Koch's show of strength

The Baltimore Sun

When punter Sam Koch walked into the Ravens' special teams meeting room Wednesday, attached to the board was a printout noting he was second in the AFC in punting average.

Koch quickly took down the sheet of paper.

"I immediately took it off there because I don't want to put that in the back of my head," he said. "I could have a solid game with only inside-the-20[-yard line] punts, but that would bring down my average. So I don't really try to think about it. I just want to do what I have to do to help the team out."

Not only is his 46.2-yard average second in the AFC to the Oakland Raiders' Shane Lechler (49.0), but Koch also has been doing his part in the field-position battle, pinning opponents inside the 25-yard line on nine of his 11 punts.

Some of Koch's success stems from being injury-free. Unlike last season when he played the first five games with a pulled right quadriceps, Koch is healthy and strong.

"I did anything I could do to focus on the lower part of my body and keeping it healthy so that I wouldn't have a pulled quad like I did last year," he said. "I worked on that really hard in the offseason."

Koch's strength isn't exactly a secret inside the team's training facility in Owings Mills. The 25-year-old is 6 feet 1 and 230 pounds, and he can bench-press more than 350 pounds.

"He did a good job of training, of getting his body prepared for this season, and it's showing up," special teams coach Frank Gansz Jr. said. "You could see it in training camp. So I'm not surprised by the numbers. But it's a long season, and he's got to keep getting better. But I think he's better physically prepared this year than he was last year."

McNair mending well

Coach Brian Billick continued to sound optimistic about quarterback Steve McNair starting Sunday against the Arizona Cardinals. "You'll have to ask him how he feels, but he sure looked like he felt OK," Billick said.

In other injury-related news, cornerback Samari Rolle (illness) and tight end Daniel Wilcox (ankle) did not practice yesterday.

Offensive tackle Jonathan Ogden (toe), linebacker Gary Stills (knee) and fullback Justin Green (thigh) were limited. Tight end Quinn Sypniewski (neck) and cornerback David Pittman (ankle) participated fully.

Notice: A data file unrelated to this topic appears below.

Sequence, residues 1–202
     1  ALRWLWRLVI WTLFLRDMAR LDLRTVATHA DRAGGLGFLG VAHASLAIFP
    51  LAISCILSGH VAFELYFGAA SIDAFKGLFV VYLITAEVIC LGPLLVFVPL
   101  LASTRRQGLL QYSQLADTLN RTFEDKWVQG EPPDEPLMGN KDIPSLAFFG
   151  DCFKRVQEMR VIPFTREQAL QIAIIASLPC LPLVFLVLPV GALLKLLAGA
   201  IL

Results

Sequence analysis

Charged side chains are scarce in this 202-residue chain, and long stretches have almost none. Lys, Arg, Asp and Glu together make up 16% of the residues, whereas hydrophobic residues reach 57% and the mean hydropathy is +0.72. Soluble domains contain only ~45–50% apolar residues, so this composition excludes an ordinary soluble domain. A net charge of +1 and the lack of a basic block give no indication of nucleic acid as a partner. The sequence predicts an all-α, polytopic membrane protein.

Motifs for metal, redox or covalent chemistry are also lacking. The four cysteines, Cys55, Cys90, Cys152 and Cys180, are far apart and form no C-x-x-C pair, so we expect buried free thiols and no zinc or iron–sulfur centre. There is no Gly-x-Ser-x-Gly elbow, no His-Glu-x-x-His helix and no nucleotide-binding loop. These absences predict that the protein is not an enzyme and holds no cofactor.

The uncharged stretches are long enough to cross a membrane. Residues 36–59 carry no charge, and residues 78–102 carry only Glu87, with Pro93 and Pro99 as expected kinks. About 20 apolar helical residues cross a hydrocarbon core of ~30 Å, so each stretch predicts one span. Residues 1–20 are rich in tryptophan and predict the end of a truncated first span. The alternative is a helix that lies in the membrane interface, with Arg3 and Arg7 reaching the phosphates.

Clayton hobbled

The injury bug continues to bite Mark Clayton.

After battling a nagging hamstring that bothered him at times in his first two seasons with the Ravens, the wide receiver is suffering from a toe injury on his left foot that has prevented him from starting the team's first two games.

"It's hard," said Clayton, who also suffered a high ankle sprain in the Ravens' second preseason game, against the New York Giants. "It's a new season, and you have a lot of expectations for your team, and you just want to contribute and make plays for the team. But at the same time, you know that you're not up to your full potential. It is frustrating. I've just been patient and making sure that I take care of myself. Me taking care of myself is the best thing I can do to help my team."

Scott draws a crowd

If linebacker Bart Scott wanted to know whether his days of anonymity truly are over, all he has to do is look at his sack totals.

In two games this season, the linebacker has no sacks. By comparison, Scott had three sacks in his first two games last season.

Scott, however, didn't seem too bothered about the disparity in numbers.

"Hopefully, some more of these safeties will get some more sacks so [other teams] can quit sliding the [offensive] line to me," he said. "But that's a respect factor, and I take great pride in the new challenge that I have. I embrace it. Don't worry, I'll crack through."

Activating backup plan

Running back Mike Anderson's inactive status this past Sunday was a surprise to everyone but Anderson and Billick.

Anderson confirmed Billick's statements on his radio show Tuesday night that the team deactivated Anderson because of a lack of depth at other positions - namely at linebacker and cornerback.

"We've got a lot of injuries on the team, and we've got to compensate for the guys that are down," Anderson said, echoing Billick's comments. "And we have to carry more guys at the other positions. Being around as long as I've been around, you understand that, and that's just way it falls sometimes."


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